THE PRESS RELEASE: “Atlanta’s Arbor Labor Union (Bo Orr, Brian Adams, Ryan Evers and Bryan Scherer) have routinely been involved in and influenced by the scene and ideology of DIY punk but they have also remained indebted to the classic rock radio stations on which they grew up. Therefore, the members of Arbor Labor Union have always felt a mission to marry the communal aspect of punk and its non-conformist ethos with just how plain good rock n’ roll has always sounded to them. For their newest record, New Petal Instants, they enlisted Bryan Scherer (Warm Red) on drums and his presence brings a new life and energy to ALU’s specific brand of Cosmic American Music. The songs on New Petal Instants were recorded by Rob Sarabia at The Living Room and are characterized by faster and more complex rhythms, playful riffing, thumping grooves and lyrics that marry a Whitman-esque optimism and appreciation toward nature with the working-class sympathies of Woody Guthrie. Furthermore, friends such George O’Madadhain (violin) and Dorothy Stucki (vocals) were asked to collaborate on a couple of the songs and their contributions bring an additional liveliness to the music. After five plus years of being a band and two releases (Sings For You Now 2014 and I Hear You 2016) as well as two online EPs, Arbor Labor Union have steadily maintained a shared goal to bring joy through their sound while simultaneously promoting a better world for all. The newest product of this continued endeavor is New Petal Instants.”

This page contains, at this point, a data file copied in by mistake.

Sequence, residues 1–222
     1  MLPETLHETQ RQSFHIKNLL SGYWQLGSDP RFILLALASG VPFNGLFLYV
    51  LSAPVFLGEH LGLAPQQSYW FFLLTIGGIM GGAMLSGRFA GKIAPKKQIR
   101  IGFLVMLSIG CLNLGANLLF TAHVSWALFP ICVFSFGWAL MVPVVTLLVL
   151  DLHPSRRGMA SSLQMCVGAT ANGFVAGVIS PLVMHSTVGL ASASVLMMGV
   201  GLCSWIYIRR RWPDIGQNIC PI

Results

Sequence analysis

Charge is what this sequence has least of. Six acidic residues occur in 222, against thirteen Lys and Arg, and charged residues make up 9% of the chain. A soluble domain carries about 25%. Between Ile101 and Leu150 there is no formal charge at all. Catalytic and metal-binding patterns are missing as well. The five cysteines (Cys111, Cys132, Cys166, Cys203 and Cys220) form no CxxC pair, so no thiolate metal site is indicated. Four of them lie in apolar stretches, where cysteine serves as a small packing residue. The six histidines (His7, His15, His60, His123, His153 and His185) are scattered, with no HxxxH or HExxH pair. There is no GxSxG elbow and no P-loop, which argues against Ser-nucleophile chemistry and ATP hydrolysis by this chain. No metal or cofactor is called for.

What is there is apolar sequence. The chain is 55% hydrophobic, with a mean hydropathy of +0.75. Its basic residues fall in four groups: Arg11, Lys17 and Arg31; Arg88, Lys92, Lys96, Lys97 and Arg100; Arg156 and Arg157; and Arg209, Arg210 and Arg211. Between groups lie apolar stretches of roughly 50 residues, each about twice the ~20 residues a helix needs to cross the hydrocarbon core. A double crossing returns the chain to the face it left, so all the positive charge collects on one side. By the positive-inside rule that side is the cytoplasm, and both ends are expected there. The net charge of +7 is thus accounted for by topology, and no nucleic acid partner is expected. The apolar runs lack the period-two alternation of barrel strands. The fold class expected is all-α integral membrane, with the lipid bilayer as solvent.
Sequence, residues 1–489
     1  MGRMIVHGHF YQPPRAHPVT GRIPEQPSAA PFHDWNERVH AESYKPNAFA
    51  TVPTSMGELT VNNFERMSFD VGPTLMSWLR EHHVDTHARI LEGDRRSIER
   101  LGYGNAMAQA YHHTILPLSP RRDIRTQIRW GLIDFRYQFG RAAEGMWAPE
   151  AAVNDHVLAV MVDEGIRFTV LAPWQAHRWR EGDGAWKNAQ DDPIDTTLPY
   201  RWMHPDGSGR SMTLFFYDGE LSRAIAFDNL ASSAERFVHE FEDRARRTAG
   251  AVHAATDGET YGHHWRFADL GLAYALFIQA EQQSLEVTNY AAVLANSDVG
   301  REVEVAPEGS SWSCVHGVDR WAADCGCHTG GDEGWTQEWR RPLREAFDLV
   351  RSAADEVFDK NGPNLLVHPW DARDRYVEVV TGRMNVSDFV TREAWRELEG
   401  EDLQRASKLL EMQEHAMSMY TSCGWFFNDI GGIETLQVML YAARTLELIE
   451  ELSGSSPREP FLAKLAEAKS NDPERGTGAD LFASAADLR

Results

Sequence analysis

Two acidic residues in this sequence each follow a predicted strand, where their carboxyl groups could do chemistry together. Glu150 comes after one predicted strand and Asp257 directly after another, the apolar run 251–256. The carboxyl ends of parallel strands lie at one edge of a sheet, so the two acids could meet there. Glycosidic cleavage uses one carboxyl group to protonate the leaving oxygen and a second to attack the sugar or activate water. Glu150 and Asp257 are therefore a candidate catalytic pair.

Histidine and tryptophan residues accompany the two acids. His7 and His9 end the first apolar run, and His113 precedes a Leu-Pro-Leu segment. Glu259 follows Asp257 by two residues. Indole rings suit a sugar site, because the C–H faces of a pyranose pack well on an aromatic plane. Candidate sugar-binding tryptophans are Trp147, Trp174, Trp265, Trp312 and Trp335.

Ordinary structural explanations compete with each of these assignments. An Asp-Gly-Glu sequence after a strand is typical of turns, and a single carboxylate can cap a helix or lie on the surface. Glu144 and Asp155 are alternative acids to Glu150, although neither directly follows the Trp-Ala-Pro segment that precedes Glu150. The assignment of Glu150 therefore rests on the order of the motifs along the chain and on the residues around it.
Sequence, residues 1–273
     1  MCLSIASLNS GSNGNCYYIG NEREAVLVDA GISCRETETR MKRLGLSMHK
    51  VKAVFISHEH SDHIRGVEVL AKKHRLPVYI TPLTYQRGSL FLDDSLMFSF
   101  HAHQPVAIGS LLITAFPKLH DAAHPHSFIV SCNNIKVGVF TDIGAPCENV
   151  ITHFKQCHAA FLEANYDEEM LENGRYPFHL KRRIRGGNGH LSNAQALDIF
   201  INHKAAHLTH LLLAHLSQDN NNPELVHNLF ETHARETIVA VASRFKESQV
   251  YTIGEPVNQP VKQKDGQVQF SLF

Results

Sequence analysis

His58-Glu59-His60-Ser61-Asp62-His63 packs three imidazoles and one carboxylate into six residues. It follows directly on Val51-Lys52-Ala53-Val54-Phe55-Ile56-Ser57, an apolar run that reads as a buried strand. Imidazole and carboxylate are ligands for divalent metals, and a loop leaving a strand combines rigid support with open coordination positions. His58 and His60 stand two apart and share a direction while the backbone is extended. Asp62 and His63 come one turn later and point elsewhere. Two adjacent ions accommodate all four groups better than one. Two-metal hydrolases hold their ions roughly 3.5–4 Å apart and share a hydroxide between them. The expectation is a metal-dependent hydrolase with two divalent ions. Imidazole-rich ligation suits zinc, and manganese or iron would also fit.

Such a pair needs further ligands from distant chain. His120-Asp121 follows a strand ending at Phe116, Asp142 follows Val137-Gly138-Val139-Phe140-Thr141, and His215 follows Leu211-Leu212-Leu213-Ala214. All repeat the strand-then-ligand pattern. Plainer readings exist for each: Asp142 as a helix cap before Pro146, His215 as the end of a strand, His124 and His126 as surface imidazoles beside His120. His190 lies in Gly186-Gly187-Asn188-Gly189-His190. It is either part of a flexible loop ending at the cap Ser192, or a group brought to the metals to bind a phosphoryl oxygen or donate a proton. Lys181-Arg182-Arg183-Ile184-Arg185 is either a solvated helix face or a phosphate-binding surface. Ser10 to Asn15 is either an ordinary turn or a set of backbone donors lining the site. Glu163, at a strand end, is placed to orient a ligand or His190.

MY TWO CENTS: A band that invokes the Cosmic American Music of the jammers and the DIY attitude of post-punk? Sounds like a mess. But to their credit, these guys make it work, thanks in no small part to cuts that toe the line between Americana and post-punk, fusing knotty licks and meandering progressions with spiky hooks and yelpy vocals. A little Grateful Dead, a little Meat Puppets, a little Talking Heads and a whole ton of cool.